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Manned mission to Mars? Hedgehogs may go first

Wednesday, February 27, 2013 - 02:53

Feb. 27 - American entrepreneur Dennis Tito says he wants to launch a manned mission to Mars in January 2018, but researchers at NASA and Stanford University argue that it may be better to visit the mysterious Martian moon, Phobos first. They're developing a team of robots they call ''hedgehogs'' to explore Phobos in the belief that a trip to the Martian moon will make a subsequent mission to Mars safer and more productive. Ben Gruber reports.

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Its developers call it a hedgehog. The robot is covered by spikes, but unlike the those of its namesake, they're not for protection against predators, but against the dangers of unknown terrain on the Martian moon Phobos. Issa Nesnas, a robotics engineer from NASA's Jet Propulsion Laboratory, says Phobos is shrouded in mystery. He says scientists want to find out how it came to orbit its planet closer than any other in the solar system. (SOUNDBITE) (English) ISSA NESNAS, ROBOTICS ENGINEER, JPL, SAYING: "Exploring the Martian moon of Phobos gives us more information about the origins of that moon which helps us understand more about the solar system." And the hedgehogs are key to that understanding. They will be part of an autonomous system, that also comprises a mother ship equipped with a suite of sensors to scan the moons' surface and then deploy several of the spiky robots for a closer look. Stanford's Marco Pavone says what makes the mission difficult is the lack of gravity. (SOUNDBITE) (English) MARCO PAVONE, ASSOCIATE PROFESSOR OF ASTRONAUTICS, STANFORD UNIVERSITY, SAYING: "We all know about the Mars Rovers and they are very successful at what they do on Mars. But Mars has a gravity level that is comparable to the one on Earth." Phobos however, has almost no gravity to speak of. Pavone says a robot with wheels would be impossible to control and would most likely drift off the surface into space. He says the hedgehog's spikes will give the robot more traction. For propulsion, the team is developing a set of internal flywheels to generate force. (SOUNDBITE) (English) MARCO PAVONE, ASSOCIATE PROFESSOR OF ASTRONAUTICS, STANFORD UNIVERSITY, SAYING: "By spinning and accelerating these internal wheels we are able to generate a torque on the Rover which gives rise to reaction forces from the terrain. It makes the Rover hop or tumble." (SOUNDBITE) (English) ISSA NESNAS, ROBOTICS ENGINEER, JPL, SAYING: "Our hope is that the next step is taking this platform to what we call the vomit comet which is a zero-g airplane that allows us to have maybe 10 to 20 seconds of microgravity where we can test some of these strategies in that environment." Pavone says data the hedgehogs collect will be uploaded to the mother ship -- which would then send it back to researchers on Earth. That data, Nesnas says, could pave the way for future manned missions to Mars. Phobos's micro gravity environment would be safer and cheaper to land humans on than Mars itself. He also says the moon's close orbit to the planet will give astronauts the ability to control more sophisticated exploration vehicles on Martian surface in near real time. The researchers say it will take several years to complete the development of the probes and their mother ship, but, they say, unravelling the mysteries of Phobos - and other mysteries of the solar system - is well within reach.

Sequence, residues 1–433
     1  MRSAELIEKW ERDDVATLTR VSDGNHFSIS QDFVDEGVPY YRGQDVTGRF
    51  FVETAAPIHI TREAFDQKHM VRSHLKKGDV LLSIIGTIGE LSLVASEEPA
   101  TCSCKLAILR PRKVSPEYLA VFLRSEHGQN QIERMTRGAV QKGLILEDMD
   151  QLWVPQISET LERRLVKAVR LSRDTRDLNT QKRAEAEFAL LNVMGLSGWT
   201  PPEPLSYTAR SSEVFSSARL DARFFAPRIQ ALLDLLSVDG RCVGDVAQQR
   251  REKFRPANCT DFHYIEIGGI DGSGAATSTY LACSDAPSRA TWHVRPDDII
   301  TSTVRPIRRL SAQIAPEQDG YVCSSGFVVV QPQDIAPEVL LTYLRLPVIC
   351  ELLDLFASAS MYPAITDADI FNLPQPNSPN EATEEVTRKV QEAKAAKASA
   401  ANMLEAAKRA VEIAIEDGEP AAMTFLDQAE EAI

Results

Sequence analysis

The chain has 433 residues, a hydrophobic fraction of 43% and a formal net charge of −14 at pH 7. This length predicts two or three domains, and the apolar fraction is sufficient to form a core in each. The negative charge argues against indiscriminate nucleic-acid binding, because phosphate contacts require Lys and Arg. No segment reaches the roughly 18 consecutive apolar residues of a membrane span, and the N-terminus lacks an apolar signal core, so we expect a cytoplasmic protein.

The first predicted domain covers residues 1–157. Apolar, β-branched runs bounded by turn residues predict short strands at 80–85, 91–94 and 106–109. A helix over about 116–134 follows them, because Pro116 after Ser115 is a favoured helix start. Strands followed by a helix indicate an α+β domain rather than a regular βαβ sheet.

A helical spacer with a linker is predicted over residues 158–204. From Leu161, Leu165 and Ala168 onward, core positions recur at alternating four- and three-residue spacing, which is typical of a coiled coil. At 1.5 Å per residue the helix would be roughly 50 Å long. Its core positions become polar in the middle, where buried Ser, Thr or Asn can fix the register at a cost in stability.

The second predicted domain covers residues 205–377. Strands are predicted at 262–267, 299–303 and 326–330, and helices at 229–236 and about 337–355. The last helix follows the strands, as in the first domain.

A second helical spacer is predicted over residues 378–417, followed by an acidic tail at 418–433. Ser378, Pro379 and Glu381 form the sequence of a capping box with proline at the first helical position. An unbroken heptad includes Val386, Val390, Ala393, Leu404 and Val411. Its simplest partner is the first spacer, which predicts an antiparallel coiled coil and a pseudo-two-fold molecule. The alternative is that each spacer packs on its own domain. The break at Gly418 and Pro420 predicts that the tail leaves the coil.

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Manned mission to Mars? Hedgehogs may go first

Wednesday, February 27, 2013 - 02:53

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